We drive on to Glasgow passing parts of the Antonine Wall.
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On arrival at Glasgow we aim for Glasgow Cathedral and the Necropolis. Parking proves difficult but we find a “berth” at the hospital car park.

The Cathedral is a Gothic edifice built on a site which can demonstrate religious significance since the 5th century. The earliest parts of the present building date from the late 12th century. The main construction had been completed by end of the 14th century. This is the only mainland cathedral in Scotland to have survived the aftermath of the Reformation without majot structural loss. Internal photo shoots were aided by bright sunlight streaming through the stained glass.

After internal and external photo shoots of the cathedral we walk acroos to the Necropolis, high on a hill overlooking Glasgow. This is a fascinating site full of memorials to the great and good of historic Glasgow. Some of the monuments are truly stunning and packed with family history. Excellent photo opps in the sunlight with Glasgow spread out in the distance.
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On return to the car we walk past Provand’s Lordship on Cathedral Street which is the oldest surviving house in Glasgow dating from 1471. It was built as the manse for St.Nicholas Hospital.

We drive through Glasgow’s industrial past, first stopping at Ibrox Football Stadium for some photos.

IBROX is both British and Gaelic, and may mean the haunt of the badger (brock, Gaelic bruic, a badger). Another savant thinks that the name may have come from a rentaller, Broc – this name, and Brokas, both occurring in the rental book of the Diocesan Registers. In a charter dated 1580 the name is written Ibrokes.

On to the vibrant, heavy industrial Govan. We visit the famous Old Church which unfortunately is not open to view the famous collection of headstones.

After some photo shoots we move on, under the river Clyde to Kelvingrove Art Gallery and Museum where we avail of lunch in the Cafeteria. Main purpose of the visit is to photograph the stunning architecture of this impressive red sandstone building which was opened in 1901.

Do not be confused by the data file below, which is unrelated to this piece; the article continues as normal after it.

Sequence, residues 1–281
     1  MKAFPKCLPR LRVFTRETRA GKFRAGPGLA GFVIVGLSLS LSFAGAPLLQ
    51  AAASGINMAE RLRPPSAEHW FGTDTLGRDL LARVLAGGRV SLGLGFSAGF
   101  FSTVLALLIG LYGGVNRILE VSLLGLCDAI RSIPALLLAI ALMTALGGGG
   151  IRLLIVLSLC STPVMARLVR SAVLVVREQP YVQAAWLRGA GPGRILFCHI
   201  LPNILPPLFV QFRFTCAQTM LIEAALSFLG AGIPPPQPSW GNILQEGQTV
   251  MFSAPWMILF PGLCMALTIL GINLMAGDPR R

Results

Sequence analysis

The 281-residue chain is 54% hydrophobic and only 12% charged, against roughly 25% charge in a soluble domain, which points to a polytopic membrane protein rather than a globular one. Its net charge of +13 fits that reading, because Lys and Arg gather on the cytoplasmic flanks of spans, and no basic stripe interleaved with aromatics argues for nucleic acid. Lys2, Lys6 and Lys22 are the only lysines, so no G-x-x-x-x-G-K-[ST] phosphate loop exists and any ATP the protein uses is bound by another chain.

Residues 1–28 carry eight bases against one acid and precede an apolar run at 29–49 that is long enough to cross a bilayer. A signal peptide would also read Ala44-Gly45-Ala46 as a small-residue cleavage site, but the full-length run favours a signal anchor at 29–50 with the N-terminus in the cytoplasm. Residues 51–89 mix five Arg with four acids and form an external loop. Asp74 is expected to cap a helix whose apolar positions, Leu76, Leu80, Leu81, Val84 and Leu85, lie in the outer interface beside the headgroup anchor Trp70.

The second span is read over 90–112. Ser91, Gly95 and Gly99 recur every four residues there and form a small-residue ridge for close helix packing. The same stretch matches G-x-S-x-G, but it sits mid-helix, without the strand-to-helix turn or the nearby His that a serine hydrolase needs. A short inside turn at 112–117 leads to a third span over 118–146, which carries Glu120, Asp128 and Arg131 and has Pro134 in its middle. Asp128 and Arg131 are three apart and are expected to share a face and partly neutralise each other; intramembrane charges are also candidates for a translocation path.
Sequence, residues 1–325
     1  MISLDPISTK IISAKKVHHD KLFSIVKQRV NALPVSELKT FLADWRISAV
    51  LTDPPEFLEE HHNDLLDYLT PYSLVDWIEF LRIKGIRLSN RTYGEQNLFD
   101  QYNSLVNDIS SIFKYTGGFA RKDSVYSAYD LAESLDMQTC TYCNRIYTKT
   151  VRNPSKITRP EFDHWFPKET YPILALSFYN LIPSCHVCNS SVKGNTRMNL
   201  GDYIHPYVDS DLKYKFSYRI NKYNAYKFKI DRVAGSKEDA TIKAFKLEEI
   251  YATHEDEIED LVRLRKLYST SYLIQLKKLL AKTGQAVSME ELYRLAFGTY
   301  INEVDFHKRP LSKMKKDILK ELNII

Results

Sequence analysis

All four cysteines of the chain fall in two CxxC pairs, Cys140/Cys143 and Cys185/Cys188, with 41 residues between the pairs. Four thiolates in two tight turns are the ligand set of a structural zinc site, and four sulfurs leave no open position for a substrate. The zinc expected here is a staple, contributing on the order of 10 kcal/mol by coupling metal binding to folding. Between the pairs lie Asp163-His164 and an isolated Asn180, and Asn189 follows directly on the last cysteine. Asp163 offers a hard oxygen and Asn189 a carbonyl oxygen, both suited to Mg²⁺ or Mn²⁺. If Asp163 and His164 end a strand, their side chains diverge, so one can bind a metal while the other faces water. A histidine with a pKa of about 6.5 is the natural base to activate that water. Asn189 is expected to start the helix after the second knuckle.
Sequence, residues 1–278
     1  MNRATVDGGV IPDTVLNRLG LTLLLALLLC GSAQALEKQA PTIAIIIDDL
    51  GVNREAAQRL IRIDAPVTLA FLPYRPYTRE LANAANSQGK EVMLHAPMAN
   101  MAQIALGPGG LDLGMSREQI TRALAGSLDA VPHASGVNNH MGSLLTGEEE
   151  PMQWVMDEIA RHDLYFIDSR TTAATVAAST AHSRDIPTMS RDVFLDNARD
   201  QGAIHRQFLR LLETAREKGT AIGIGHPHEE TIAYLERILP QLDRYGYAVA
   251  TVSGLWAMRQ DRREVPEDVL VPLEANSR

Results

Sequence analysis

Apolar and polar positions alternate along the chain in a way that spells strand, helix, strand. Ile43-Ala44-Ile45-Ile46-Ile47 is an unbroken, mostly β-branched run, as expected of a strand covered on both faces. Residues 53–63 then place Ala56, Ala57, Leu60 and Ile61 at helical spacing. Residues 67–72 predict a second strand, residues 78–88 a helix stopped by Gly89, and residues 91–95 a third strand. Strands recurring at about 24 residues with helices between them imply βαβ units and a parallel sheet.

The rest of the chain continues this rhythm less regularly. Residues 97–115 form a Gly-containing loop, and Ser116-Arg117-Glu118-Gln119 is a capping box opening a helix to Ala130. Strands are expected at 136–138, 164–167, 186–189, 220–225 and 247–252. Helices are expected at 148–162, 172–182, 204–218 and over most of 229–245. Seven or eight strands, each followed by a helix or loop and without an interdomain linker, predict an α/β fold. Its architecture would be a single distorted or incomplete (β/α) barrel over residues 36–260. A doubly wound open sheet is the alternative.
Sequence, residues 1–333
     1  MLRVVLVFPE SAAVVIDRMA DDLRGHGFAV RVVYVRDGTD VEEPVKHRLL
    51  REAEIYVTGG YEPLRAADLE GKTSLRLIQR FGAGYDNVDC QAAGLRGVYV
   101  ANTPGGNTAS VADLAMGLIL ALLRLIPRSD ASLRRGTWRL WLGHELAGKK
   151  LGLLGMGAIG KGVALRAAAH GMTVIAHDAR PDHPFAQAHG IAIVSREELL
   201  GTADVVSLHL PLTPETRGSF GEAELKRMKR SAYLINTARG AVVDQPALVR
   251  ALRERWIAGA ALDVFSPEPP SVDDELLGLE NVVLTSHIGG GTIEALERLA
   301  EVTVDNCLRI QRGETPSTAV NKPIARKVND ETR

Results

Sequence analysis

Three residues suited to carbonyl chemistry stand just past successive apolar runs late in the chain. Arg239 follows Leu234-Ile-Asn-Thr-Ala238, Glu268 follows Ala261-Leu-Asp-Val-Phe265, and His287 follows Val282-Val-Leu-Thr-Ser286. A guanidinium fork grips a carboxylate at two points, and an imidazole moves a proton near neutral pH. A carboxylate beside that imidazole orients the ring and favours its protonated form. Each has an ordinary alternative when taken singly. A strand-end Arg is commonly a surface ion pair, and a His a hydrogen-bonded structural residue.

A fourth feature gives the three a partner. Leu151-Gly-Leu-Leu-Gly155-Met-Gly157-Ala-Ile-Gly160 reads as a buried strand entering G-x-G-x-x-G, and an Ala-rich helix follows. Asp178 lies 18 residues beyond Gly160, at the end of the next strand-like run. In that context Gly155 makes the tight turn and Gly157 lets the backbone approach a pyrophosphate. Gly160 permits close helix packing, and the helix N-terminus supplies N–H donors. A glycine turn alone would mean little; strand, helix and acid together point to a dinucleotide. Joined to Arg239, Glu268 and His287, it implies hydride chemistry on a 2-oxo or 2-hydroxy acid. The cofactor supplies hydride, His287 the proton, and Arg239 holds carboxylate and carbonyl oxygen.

We move on to a very different part of town, the Gorbals. This suburb has a fascinating hsitory, being originally conceived as prestigious example of Regency era town planning but subsequently became tenemented and notorious for poverty and deprivation. In medieval times the Gorbals was a leper colony but after subsequent population growth became annexed to Glasgow in 1846.

We pass a couple of 1930s era cinemas (one being redundant) and then towards a landscape of derelict railway viaducts, waste ground and some early examples of 1970s housing blocks which seem to be in poor condition. Close by is one empty and derelict tenement building, possibly the last of its type remianing. We take photos of this and the nearby Regency era Caledonian Road Church

We then move on, past some interesting modern architecture to the Southern Necropolis.This is an eery and fascinating site dating back to the 1840s. Many of the monuments and gravestones have been vandalised in the past but the site is kept in good order with only a little graffiti and grass kept neatly mown. The various monuments reveal an intersting history of the local populace, albeit the ones who could afford gravestones!! Would make an intersting film location.
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After more photos we leave Glasgow and return to the Pineapple

An interesting day, exploring Glasgow’s industrial, religious and social history. All providing good photo opportunities aided by clement weather conditions.